History on Elm

History on Elm begins its fall season of free programs at noon on the second Tuesday of each month at the State Historical Society of Missouri. Programs are held September through June. Mark your calendar for our fall line-up!

Sept. 12 – Exploring Missouri’s German Heritage

The Missouri Life team and Evoke Group of Columbia, with funding from Missouri Humanities, recently produced a feature documentary about Missouri’s German heritage. The film delves into the reasons why German immigrants found Missouri River country so appealing and settled along the rivers in an area now known as the “German Heritage Corridor.” The film also explores the rich German customs, crafts, and music, as well as its ethnic cuisine, wine and beer. Join us as we watch part 1 of the documentary, and hear from the film’s producers, as well as W. Arthur Mehrhoff, whose book published by Missouri Life magazine became the basis for the documentary.

Oct. 10 – KOPN 89.5 FM Celebrating 50 Years of Mid-Missouri’s Independent Community Media

2023 marks the 50th anniversary of community directed KOPN. The station’s roots began with a few hours of daily programming that barely covered Columbia's downtown to what is now an international audience with programming 24/7 on the radio and web. Most of KOPN's programming is hosted by mid-Missouri folks offering a variety of music and talk. This year, the station moved from its original downtown space to 401 Bernadette Drive, which included hauling 99 boxes of reel-to-reel tapes. In this presentation, KOPN volunteers Christine Gardener and Margot McMillen will talk about the history of KOPN and a new commemorative book, Voice of the Community, which was funded by a grant from Missouri Humanities Council. 

Nov. 14 – Following the Paper Trail of Dewey and Danforth

Join us for an election day exploration of two Missouri politicians, Dewey Short from Galena, Missouri, and John C. Danforth from St. Louis. Both ordained ministers, Short was both a preacher and professor in Kansas before entering political life in 1929, while Danforth worked as an attorney in New York and St. Louis before his run for Missouri Attorney General in 1968. Both were Republicans in a largely Democratic state. Learn how the daily records produced in their congressional offices reveal important contemporary issues, as well as differences in their priorities for both Missouri citizens and the nation.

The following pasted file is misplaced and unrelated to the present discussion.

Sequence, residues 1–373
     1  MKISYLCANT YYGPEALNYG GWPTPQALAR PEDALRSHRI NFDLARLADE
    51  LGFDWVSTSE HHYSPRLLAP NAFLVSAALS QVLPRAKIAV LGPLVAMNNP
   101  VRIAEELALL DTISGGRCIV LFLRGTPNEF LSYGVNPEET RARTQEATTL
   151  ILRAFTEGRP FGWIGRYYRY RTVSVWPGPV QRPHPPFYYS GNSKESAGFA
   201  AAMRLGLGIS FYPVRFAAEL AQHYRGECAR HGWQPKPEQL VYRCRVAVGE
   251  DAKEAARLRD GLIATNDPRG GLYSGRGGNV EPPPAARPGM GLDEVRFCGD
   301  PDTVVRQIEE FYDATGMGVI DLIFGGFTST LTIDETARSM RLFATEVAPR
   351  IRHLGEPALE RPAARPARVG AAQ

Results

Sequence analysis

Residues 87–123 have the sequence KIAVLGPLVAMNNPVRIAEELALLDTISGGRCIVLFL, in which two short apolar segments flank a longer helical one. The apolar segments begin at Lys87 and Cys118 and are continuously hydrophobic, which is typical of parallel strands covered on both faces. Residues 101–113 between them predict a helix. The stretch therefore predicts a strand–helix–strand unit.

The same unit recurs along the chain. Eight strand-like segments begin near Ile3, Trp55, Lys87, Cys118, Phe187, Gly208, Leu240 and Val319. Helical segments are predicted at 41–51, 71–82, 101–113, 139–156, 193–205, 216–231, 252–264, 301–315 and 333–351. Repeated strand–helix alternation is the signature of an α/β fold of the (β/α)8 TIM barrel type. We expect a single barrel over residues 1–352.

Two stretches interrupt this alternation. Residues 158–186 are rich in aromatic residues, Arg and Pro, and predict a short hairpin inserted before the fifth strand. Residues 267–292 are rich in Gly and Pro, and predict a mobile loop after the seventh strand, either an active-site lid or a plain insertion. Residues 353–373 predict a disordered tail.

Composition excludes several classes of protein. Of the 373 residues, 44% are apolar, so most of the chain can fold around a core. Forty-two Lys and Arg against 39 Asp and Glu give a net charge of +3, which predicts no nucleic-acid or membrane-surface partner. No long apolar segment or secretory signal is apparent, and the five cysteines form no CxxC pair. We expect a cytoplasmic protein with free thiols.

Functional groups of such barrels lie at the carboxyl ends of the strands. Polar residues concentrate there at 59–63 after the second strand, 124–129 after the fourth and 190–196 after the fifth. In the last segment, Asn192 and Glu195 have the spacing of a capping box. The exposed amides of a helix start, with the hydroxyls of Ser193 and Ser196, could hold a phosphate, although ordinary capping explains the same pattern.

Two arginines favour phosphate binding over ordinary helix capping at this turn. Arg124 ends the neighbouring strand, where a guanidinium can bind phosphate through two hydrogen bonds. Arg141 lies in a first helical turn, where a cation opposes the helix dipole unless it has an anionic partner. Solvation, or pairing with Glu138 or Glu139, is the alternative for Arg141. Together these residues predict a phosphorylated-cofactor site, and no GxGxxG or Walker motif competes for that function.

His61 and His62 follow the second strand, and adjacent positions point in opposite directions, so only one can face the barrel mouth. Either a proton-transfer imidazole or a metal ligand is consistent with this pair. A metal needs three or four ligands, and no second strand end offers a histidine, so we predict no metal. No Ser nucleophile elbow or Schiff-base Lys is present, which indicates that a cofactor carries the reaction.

Dec. 12 This Place of Promise: A Historian’s Perspective on 200 Years of Missouri History

SHSMO executive director Gary Kremer connects the past to the present in his latest book as he ponders why history played out as it did over the course of two centuries since Missouri’s admittance to the Union. In the writing of what is much more than a survey history, Kremer, himself a fifth-generation Missourian, infuses the narrative with his vast knowledge and personal experiences, even as he considers what being a Missourian has meant—across the many years and to this day—to all of the state’s people, and how the forces of history—time, place, race, gender, religion, and class—shaped the people of Missouri.

To celebrate the 125th anniversary of the founding of the State Historical Society of Missouri in 1897, the History on Elm series explores a variety of topics each month, ranging from Missouri art and authors to unique SHSMO collections. The public is invited to attend and may bring their own lunch during the noon hour. Registration is not required. The programs begin promptly at 12 p.m. and lasts one hour.

History on Elm series is held inside Cook Hall at the State Historical Society of Missouri Center for Missouri Studies, 605 Elm St., Columbia.